have difficulty with a problem, ask for an explanation, you'll help

yourself, promote classroom discussion, and probably help fellow

students in the process. If you don't understand what is going on in

class, please come to my office.

EXAMINATION POLICY: University policy is that there is no excused absence from a scheduled examination. Therefore, a scheduled and preannounced exam which is

missed will not be made up and a grade of F will be recorded,

with the limited exception of cases in which the absence is wholly in-

voluntary and unavoidable, and the reason for which is documented by ev-

idence that can be verified by the instructor. Practically speaking,

such cases normally include only illness attended by physician or nurse,

and avoidable absences on official University business. Not included

would be absences due to "oversleeping," "not ready for the exam,"

"other exams the same day," "change in outside schedule," "job inter-

view," "extra-curricular club or organization events," "car wouldn't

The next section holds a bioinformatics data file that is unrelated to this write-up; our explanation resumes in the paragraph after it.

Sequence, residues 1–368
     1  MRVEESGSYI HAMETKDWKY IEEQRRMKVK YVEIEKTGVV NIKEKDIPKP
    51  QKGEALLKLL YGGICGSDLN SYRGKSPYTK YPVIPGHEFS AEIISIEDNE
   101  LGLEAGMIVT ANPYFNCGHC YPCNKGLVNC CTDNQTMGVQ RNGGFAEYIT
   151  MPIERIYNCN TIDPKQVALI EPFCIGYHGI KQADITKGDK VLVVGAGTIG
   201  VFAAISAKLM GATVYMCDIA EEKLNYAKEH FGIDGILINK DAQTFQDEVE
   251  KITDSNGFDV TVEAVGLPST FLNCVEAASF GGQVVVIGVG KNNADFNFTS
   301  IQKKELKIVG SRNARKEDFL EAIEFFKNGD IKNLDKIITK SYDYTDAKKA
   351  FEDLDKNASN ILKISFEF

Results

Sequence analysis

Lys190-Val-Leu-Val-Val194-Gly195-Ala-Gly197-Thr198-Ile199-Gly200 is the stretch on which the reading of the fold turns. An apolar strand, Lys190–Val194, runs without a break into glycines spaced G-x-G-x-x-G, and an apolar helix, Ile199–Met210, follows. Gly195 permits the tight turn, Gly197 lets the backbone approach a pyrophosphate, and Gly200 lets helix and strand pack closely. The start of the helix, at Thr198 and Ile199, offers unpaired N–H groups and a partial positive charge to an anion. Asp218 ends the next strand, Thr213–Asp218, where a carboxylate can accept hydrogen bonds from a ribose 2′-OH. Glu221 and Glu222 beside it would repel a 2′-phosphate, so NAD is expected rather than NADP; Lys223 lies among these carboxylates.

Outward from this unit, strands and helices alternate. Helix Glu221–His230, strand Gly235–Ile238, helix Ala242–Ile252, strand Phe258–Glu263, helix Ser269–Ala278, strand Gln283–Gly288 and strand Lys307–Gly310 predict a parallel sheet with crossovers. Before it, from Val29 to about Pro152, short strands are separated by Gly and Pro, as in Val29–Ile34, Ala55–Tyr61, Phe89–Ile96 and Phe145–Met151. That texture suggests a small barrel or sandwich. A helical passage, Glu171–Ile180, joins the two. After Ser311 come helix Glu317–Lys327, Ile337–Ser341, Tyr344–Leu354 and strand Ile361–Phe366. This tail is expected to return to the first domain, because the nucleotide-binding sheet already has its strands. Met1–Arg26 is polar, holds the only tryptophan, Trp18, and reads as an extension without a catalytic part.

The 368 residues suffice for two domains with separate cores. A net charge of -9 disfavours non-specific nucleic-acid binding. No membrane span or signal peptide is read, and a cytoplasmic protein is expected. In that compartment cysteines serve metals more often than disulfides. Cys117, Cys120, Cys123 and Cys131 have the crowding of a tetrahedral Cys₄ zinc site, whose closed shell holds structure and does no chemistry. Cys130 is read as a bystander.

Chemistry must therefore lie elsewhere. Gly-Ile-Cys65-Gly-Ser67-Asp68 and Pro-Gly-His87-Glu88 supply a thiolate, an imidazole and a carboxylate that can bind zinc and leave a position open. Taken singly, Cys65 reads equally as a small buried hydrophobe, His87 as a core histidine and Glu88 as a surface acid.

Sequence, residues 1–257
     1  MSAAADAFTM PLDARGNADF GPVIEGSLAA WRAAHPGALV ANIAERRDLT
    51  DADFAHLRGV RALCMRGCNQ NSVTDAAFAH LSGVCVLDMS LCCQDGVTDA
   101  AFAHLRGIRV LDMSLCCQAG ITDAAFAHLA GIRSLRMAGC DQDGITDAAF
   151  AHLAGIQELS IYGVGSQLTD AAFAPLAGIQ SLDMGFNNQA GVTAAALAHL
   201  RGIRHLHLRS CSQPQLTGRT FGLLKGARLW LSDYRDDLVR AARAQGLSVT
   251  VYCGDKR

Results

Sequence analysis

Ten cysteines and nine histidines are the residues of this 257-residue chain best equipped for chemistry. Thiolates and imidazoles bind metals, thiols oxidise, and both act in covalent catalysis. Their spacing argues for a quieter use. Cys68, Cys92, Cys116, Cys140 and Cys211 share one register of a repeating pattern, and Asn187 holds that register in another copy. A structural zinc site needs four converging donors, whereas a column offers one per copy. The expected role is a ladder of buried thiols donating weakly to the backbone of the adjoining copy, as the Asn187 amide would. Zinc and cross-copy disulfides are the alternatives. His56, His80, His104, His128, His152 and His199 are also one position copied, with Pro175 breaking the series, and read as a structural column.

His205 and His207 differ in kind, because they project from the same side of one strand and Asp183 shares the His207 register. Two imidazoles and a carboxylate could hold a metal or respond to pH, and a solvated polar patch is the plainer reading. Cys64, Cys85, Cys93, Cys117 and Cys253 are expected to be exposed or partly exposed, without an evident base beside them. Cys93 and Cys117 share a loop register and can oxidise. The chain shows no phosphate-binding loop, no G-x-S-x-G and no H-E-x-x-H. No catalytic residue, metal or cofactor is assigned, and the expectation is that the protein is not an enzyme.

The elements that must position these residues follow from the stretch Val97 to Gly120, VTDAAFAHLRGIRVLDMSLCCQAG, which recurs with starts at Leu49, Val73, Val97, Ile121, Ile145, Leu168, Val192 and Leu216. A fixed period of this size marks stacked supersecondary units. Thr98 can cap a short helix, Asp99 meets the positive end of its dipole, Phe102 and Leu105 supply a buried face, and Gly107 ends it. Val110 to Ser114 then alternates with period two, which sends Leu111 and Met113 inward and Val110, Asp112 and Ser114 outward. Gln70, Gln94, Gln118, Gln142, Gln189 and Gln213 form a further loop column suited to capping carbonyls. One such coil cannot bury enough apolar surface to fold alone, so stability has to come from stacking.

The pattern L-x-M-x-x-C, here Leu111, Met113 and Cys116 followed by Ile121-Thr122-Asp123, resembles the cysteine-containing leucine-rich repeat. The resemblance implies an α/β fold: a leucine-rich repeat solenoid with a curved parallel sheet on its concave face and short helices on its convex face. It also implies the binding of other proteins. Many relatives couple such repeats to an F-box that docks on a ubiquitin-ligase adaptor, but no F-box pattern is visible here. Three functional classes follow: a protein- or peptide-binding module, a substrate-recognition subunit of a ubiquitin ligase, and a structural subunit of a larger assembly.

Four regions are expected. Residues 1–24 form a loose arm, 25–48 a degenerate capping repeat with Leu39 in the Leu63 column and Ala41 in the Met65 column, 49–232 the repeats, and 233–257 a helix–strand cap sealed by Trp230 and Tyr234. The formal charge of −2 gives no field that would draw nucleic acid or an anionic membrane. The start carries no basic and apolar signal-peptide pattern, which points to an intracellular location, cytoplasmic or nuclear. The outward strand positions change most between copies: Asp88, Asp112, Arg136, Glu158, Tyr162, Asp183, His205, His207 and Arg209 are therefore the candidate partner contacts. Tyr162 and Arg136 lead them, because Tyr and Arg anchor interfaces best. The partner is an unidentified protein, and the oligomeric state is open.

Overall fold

start," etc... Nevertheless, please talk to the instructor about any

such situation. After the first exam, exams will be "open book". Please

bring your own tables and notes to the exam and do not share anything

with others. You are expected to bring a working calculator to each

exam. A back-up calculator is advisable. Xerox any tables or computer

output that you wish to share.

Exams may be given on Tuesdays or Thursdays in the 3:00-5:00 slot.

Arrangements will be made for students who cannot take exams during

that hour. Students will normally be expected to make up the exam on

the day before it is given. It often takes two weeks to grade and

return exams. Keys will be returned or posted with exams.

All exams will be open book. Don't let that fool you. You still need to

practice the use of formulas.

DISABILITIES: West Chester University wishes to make accommodations for people

with disabilities in compliance with the ADA of 1990. Please make

your needs known by contacting the instructor and/or the Office

of Services for Students with Disabilities at X3217. Sufficient